Recently, The Sustainability Consortium, in conjunction with Arizona State University, published a study on the feasibility of using digital tags to track clothing throughout its lifecycle. The goal was to promote more sustainable production and consumption through better information about products’ durability, longevity, repairability and reuse.
The consortium found that digital tags in clothing — near-field communication (NFC), QR codes, radio frequency identification (RFID) and Bluetooth tags — could in fact have a positive effect, and that consumers would find value in accessing data from tagged clothes, such as whether the items were authentic or where they were manufactured.
The challenge, however, comes from how the data gets collected — how today’s internet of things actually works along the clothing supply chain.
Current IoT technologies require too much manual intervention to realize the full benefits of such a supply chain management system. As the consortium study’s authors wrote, “Until a passive system is technologically and economically feasible, incentives will need to be developed to have people reliably engage over a period of time.”
Automation Is Good
We’d expect the IoT to be a model of advanced digitization, with products and materials communicating wirelessly to enable a range of digital applications, from supply chain management to asset tracking, food tracing and medication-adherence monitoring. But so far, the IoT, which was intended to connect things we use daily, has been a largely manual exercise, characterized by RFID tags, QR codes and scanners. People have been expected to initiate the connection between “internet” and “things” through a series of taps and scans, and to build out a costly infrastructure of communication interfaces and devices.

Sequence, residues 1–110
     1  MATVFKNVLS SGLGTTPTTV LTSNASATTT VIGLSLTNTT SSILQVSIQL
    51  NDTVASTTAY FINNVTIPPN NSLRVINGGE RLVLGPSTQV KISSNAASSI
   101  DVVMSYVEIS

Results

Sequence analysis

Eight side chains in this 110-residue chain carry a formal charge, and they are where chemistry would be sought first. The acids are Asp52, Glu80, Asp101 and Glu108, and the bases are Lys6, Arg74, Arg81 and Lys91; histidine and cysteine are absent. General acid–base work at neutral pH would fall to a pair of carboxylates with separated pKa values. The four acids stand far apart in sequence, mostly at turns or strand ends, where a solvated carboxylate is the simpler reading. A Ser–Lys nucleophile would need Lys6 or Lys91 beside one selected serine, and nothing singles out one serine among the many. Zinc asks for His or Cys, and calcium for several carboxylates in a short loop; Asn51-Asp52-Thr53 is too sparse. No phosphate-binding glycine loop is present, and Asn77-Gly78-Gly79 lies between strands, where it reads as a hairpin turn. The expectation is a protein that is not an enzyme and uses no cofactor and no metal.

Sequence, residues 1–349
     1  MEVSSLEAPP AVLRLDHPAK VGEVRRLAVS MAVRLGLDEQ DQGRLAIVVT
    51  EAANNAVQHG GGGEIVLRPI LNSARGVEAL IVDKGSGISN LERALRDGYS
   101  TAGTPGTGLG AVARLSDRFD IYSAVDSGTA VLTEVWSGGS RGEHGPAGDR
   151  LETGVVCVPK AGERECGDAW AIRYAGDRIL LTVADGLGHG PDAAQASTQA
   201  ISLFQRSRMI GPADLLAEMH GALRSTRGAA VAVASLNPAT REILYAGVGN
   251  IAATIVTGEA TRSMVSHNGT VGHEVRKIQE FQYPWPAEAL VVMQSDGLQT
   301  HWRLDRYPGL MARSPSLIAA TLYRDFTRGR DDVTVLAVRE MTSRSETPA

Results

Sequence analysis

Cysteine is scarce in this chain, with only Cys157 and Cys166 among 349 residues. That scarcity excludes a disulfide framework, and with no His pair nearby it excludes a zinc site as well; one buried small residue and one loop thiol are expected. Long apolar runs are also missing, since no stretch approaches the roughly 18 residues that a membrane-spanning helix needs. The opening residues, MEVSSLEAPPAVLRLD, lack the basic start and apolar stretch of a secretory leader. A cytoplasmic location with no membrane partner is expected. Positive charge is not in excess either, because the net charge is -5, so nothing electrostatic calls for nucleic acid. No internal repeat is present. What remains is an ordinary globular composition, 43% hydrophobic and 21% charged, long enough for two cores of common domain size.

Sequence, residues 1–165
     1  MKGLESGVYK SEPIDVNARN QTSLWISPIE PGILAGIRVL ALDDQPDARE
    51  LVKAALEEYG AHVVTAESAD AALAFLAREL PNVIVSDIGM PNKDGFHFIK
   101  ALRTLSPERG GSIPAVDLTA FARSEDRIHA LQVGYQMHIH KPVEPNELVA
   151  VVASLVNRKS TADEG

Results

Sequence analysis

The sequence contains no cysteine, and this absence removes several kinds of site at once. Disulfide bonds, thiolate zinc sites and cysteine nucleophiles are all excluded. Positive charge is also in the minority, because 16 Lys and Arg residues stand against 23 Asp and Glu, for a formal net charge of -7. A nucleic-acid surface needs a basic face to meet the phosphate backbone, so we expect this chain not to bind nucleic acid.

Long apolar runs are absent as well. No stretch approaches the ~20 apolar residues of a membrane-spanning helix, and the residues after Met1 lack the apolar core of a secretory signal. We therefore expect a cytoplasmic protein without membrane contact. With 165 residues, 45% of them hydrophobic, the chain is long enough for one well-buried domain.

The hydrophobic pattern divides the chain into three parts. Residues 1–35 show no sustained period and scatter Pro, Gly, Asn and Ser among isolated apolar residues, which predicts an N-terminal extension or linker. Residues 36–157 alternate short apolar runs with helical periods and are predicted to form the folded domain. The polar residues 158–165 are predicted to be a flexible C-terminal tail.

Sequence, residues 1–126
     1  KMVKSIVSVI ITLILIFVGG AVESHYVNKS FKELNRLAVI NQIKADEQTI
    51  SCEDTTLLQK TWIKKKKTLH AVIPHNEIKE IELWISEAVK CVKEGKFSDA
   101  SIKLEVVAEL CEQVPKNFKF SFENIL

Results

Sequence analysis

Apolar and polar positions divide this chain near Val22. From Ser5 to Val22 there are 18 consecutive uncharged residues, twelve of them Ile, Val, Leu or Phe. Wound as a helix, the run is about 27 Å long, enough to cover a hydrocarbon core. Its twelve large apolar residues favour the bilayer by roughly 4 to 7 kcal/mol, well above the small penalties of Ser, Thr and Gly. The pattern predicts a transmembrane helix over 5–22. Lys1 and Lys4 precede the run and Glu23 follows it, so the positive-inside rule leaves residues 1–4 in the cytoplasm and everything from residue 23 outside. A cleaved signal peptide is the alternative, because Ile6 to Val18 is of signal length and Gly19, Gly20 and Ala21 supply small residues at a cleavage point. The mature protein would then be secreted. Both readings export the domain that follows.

For the sake of better, smarter supply chains, and an internet of everyday things rather than an internet of expensive things, a new autonomous IoT is needed — the “passive system” that The Sustainability Consortium championed.
After all, automation is good. Things tend to work better the less we rely on human intervention. According to CarMax, 97% of American drivers drive automatic cars. Automatic transmissions rely on sensors to shift gears, rather than a manual stick shift and clutch. They’re easier to drive, and with more automatic-native electric cars coming off assembly lines, the days of manual transmissions appear numbered.
So, most of us drive automatic cars. Why is the IoT manual?
Current IoT technologies have gotten us far. But out at the IoT’s edge — the clothing in people’s closets, the food in their fridge, the medical supplies throughout the healthcare system — the IoT is still dark. Companies have made great strides in using IoT technologies for things like vehicles, appliances, shipping containers, building systems — the Internet of Expensive Things. But they’ve only just begun to confront the challenge of connecting raw materials, finished goods, product packaging and the bulk of things that surround us to the internet of everyday things. That type of connectivity requires autonomous IoT, based on ubiquitous technologies like Bluetooth and solutions in the cloud.
The Internet of Everyday Things